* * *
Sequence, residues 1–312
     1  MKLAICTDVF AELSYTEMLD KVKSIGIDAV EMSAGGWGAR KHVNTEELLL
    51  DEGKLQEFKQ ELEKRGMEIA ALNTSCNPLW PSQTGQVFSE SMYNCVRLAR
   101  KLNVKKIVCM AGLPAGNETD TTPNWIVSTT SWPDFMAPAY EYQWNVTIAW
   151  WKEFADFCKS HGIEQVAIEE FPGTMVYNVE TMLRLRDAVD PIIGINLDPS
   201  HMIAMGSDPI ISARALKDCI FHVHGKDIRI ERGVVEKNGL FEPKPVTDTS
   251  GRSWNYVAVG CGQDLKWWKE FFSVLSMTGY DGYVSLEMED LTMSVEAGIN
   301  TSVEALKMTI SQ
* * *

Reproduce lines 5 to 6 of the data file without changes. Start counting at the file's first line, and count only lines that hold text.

   151  WKEFADFCKS HGIEQVAIEE FPGTMVYNVE TMLRLRDAVD PIIGINLDPS
   201  HMIAMGSDPI ISARALKDCI FHVHGKDIRI ERGVVEKNGL FEPKPVTDTS